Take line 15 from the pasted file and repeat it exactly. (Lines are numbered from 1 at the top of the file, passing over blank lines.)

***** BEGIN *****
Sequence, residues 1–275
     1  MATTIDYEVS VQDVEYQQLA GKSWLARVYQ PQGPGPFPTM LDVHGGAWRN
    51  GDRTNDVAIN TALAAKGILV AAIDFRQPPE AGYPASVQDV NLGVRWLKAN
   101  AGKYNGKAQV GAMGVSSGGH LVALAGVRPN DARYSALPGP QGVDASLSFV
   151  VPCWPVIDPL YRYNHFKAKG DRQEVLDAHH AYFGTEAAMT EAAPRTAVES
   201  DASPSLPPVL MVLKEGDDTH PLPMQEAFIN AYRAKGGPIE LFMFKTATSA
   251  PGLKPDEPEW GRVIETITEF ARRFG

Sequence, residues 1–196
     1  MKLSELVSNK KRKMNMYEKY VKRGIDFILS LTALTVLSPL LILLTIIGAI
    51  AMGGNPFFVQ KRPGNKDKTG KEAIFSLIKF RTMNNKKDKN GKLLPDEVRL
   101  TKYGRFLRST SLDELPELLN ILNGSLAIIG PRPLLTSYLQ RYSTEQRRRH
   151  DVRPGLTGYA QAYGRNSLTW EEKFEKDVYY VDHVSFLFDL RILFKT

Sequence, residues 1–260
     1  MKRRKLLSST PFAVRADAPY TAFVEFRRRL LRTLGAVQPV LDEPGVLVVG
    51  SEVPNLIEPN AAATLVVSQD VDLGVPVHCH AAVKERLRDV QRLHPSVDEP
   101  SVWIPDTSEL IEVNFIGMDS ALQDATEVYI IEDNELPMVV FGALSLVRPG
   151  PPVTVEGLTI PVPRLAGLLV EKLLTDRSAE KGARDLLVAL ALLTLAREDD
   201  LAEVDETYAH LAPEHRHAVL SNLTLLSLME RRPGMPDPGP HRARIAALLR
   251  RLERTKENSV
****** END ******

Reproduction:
    51  SEVPNLIEPN AAATLVVSQD VDLGVPVHCH AAVKERLRDV QRLHPSVDEP